[jcifs] max_xmit - why 4280?

Michael B Allen ioplex at gmail.com
Fri Mar 12 08:15:50 MST 2010

On Thu, Mar 11, 2010 at 5:46 PM, Del Merritt <del at alum.mit.edu> wrote:
> On 03/11/2010 05:28 PM, Michael B Allen wrote:
>> On Thu, Mar 11, 2010 at 12:14 PM, Del Merritt <del at alum.mit.edu> wrote:
>>> A question was raised a while back about getting a DcerpcException with the
>>> message "Fragmented request PDUs currently not supported":
>>> http://article.gmane.org/gmane.network.samba.java/6745/match=fragmented+request+pdus
>>> I am seeing this too, and it appears that the values for max_xmit and
>>> max_recv are hardcoded to 4280 in jcifs/dcerpc/DcerpcHandle.java; I'm using
>>> JCIFS 1.3.14 as a baseline.
>>> Is there a reason for this limit?  Is it something that should be negotiated
>>> and just hasn't happened yet?  I'm still learning the ins and outs of CIFS
>>> as I am porting JCIFS to a J2ME environment.
>> Hi Del,
>> Those are just observed values.
> Sorry - would you elaborate?

Hi Del,

The values for max_xmit and max_recv are values that Windows clients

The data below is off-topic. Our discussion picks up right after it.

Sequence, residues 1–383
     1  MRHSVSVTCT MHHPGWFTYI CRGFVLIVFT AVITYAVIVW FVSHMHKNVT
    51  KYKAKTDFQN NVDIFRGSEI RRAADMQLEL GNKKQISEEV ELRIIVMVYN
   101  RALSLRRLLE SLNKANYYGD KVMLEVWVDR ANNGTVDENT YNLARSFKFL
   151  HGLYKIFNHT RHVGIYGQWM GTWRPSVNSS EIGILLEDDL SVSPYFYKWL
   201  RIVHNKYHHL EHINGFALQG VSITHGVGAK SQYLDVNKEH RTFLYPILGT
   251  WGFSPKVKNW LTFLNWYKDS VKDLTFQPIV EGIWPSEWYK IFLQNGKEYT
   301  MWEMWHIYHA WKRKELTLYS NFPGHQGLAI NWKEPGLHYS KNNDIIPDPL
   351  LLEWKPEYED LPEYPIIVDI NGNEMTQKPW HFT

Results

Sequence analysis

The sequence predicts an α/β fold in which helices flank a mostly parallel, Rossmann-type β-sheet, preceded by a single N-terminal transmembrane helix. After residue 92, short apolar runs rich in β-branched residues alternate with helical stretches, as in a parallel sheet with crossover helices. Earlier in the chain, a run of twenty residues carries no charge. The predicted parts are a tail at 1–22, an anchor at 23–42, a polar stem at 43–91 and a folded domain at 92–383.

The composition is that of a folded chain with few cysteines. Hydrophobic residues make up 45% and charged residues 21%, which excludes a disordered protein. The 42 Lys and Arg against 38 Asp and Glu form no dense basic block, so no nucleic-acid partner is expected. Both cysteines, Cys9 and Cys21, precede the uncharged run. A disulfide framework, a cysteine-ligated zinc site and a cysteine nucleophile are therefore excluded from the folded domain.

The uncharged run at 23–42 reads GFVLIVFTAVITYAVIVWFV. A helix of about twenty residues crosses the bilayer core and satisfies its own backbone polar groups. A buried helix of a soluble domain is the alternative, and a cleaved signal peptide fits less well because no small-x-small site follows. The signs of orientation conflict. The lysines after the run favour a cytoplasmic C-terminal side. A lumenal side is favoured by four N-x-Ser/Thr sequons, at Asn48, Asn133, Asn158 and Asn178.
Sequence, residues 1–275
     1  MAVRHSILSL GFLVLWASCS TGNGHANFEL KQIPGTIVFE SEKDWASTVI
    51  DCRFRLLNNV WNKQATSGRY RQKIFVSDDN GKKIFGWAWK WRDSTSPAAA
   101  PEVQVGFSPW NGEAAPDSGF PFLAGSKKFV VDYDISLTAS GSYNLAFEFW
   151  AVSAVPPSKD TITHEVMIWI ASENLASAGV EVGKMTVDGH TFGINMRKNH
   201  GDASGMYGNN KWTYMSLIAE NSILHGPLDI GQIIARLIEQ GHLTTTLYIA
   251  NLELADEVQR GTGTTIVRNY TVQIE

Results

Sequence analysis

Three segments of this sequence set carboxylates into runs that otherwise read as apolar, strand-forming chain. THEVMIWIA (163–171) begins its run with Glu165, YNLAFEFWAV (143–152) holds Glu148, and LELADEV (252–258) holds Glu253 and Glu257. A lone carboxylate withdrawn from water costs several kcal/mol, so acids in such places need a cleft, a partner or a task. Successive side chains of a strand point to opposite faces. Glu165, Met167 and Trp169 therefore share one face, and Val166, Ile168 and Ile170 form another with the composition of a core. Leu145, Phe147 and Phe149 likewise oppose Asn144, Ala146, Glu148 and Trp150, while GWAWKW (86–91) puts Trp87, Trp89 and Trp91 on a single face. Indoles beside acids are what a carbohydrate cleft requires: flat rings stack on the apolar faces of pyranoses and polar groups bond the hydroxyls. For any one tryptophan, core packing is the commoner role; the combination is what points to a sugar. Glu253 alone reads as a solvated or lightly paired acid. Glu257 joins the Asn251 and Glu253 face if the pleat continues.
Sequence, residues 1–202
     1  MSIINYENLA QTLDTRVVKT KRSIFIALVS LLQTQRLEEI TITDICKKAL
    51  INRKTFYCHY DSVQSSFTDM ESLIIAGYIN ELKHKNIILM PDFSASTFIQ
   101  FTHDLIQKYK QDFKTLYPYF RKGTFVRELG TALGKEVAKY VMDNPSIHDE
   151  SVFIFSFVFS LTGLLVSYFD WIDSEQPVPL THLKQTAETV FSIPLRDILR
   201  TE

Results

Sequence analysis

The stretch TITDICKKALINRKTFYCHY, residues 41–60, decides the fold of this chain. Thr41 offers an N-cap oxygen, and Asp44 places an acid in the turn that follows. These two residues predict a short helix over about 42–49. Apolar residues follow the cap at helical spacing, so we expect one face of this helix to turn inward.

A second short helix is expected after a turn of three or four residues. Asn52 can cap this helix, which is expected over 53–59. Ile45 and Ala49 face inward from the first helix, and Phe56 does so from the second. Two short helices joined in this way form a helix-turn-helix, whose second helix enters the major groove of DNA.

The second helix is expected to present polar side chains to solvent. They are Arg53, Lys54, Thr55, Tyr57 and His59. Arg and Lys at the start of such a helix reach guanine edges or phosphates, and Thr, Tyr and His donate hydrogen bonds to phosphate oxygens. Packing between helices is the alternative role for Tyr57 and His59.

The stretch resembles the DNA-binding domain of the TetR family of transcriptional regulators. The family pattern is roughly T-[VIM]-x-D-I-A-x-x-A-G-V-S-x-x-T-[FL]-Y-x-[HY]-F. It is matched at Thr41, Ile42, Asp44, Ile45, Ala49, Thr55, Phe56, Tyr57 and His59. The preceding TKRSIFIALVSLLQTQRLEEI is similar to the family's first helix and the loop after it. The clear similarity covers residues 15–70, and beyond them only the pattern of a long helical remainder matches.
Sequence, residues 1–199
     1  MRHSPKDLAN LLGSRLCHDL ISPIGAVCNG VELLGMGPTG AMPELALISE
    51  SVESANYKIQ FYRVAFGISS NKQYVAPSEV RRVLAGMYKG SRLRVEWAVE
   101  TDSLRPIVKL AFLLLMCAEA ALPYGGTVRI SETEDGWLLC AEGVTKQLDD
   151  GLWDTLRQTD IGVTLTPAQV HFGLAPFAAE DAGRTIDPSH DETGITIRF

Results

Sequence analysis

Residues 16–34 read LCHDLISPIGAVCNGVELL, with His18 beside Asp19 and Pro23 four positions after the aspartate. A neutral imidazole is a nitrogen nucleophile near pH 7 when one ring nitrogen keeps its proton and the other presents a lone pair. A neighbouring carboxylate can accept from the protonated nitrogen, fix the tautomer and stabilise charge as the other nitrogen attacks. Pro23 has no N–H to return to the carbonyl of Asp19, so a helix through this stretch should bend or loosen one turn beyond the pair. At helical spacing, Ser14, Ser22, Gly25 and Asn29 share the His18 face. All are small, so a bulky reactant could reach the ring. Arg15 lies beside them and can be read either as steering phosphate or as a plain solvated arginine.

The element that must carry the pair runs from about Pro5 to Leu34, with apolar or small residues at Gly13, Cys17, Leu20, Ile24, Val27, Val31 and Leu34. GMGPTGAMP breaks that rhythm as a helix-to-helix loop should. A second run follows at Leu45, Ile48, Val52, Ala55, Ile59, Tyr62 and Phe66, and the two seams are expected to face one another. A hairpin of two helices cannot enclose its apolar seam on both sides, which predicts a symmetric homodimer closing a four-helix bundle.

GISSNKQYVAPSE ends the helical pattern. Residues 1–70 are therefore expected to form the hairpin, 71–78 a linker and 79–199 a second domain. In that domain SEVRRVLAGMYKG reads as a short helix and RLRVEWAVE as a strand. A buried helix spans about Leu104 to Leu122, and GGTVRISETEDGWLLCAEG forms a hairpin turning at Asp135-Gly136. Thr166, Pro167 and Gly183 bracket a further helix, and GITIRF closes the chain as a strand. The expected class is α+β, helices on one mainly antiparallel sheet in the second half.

have been observed using. Windows is as Windows does. So we just copy
what Windows does and you should too.

>> Note that JCIFS supports fragmented response PDUs. It just doesn't
>> support fragmented *request* PDUs. It's somewhat unusual for a DCERPC
>> request to contain a lot of data. Usually it's the response that is
>> big.
> I am trying to send a large chunks of data (that when assembled will be
> a "file") to another system that I discover via JCIFS.  To minimize
> overhead - mostly in the form of time spent - on the sending host, I'm
> trying to make those chunks as big as is reasonable.

I think you're confused. The DCERPC layer has nothing to do with
sending files. The size of file stream writes is somewhat controlled
by the jcifs.smb.client.snd_buf_size and jcifs.smb.client.rcv_buf_size
properties. But you really don't want to mess with those values. Even
if you see an increase in performance by increasing the size of those
values, it is very possible that in another environment the result
could be a significant decrease in overall throughput. And in general,
you really should not change values of properties if you're not sure
about what they do.


Michael B Allen
Java Active Directory Integration

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